Now robots that can navigate using visual cues deliver packages; researchers used bees to ‘waggle dance’ | India News

BENGALURU: Researchers from indian institute of science (IISc) and the University of Maryland have shown that robots can use visual cues instead of the usual network-based communication, to navigate and also deliver a package, with the help of a human.
We all should have navigated through a noisy room looking for a friend. Our eyes scan the room hoping to catch a glimpse of the friend, so we can walk in that direction. Now imagine the same thing, but with robots instead of humans.
Recent work by Abhra Roy ChowdhuryAssistant Professor, IISc’s Center for Product Design and Manufacturing (CPDM), in collaboration with Kaustubh Joshi (University of Maryland), showed this.
In the study published in “Frontiers in Robotics and AI”, the researchers said: “This research presents a new bio-inspired framework for two robots interacting together for a cooperative parcel delivery task with a human in the loop. It helps eliminate the need for network-based robot-robot interaction in constrained environments.
Why research?
According to the researchers, humans are adept at using audio and visual cues for communication while performing collaborative tasks. However, humans must rely entirely on non-verbal communication like visual gestures to coordinate in a noisy environment.
“This research aims to implement a similar ability to use gesture interaction in a networked robot system. Traditional methods of robotic communication in a multi-robot system rely heavily on network connections through communication protocols. What if a robot system were to be deployed in an area where network resources were lacking? In such a scenario, robots will have to rely on other sensors for interaction,” they explained.
In this research, two robots were used to demonstrate a vision-based gesture interaction framework for performing a package handling task in cooperation with a human. “This approach allows each robot to be independent of a centralized controller or server,” the study says.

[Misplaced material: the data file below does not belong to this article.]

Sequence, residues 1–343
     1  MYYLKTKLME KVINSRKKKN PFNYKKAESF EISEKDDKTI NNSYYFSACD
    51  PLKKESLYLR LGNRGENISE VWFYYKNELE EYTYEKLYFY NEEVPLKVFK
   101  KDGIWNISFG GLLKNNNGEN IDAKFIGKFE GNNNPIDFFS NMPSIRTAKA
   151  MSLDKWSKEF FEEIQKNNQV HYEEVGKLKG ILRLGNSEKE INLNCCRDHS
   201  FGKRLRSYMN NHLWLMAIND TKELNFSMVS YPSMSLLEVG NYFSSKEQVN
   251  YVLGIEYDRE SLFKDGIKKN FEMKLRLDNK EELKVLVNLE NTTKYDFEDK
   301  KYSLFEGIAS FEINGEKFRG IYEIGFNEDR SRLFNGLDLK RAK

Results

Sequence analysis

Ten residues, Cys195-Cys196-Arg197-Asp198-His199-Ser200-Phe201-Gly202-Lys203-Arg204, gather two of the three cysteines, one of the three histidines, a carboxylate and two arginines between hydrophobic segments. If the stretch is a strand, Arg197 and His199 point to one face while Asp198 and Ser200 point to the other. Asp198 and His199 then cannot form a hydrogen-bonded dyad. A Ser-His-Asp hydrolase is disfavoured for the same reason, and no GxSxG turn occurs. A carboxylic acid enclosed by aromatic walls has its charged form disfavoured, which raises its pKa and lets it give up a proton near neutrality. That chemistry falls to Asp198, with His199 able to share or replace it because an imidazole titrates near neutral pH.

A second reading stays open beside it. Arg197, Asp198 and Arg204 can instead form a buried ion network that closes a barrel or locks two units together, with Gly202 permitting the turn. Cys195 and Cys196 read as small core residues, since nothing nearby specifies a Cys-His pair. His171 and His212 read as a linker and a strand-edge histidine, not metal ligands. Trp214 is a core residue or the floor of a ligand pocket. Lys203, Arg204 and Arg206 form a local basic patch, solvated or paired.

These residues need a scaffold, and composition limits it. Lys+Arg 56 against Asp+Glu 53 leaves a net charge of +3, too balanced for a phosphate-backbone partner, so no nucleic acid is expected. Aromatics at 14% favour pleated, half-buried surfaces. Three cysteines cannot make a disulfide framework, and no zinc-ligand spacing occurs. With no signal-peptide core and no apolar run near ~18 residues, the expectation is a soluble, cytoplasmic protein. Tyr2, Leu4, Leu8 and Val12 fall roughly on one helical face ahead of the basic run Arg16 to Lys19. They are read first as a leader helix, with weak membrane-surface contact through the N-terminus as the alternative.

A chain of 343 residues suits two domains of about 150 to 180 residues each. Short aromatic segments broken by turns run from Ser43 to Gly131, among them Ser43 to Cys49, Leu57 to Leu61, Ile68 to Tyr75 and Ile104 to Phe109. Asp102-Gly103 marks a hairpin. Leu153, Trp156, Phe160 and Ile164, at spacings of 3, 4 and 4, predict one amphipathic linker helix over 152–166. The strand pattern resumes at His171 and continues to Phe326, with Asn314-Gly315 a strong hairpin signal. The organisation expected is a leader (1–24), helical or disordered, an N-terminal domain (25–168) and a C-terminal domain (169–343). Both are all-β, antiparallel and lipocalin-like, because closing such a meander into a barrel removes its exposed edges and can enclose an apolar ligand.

The “waggling dance” of bees
According to IISc, a human first signals to a messenger robot by hand gestures the destination to which a package should be delivered. The messenger robot then signals a package handling robot, moving along paths of specific geometric shapes, such as a triangle, circle, or square, to communicate the direction and distance to that destination.
This was inspired by the “waggling dance” that bees use to communicate with each other. The robots use an object detection algorithm and depth perception to detect and react to gestures.
“Such interactive robots can be deployed for search and rescue operations in environments that humans cannot enter, for commercial applications such as package delivery, and in industrial settings where multiple robots talk to each other when Communication networks are unreliable,” the IISc said.
The researchers further explained that an individual robot is instructed to move in specific shapes with a particular orientation at a certain speed for the other robot to infer using object detection and depth perception.
“The shape is identified by calculating the area occupied by the detected polygonal route. A measure of area extent is calculated and used empirically to assign regions to specific shapes and yields an overall accuracy of 93.3% in simulations and 90% in a physical setup,” they wrote. declared.
Additionally, gestures are analyzed for their accuracy of direction, distance, and target coordinates on the map. The system gives an average position error of 0.349 in simulation and 0.461 in physical experiment.

Briana R. Cross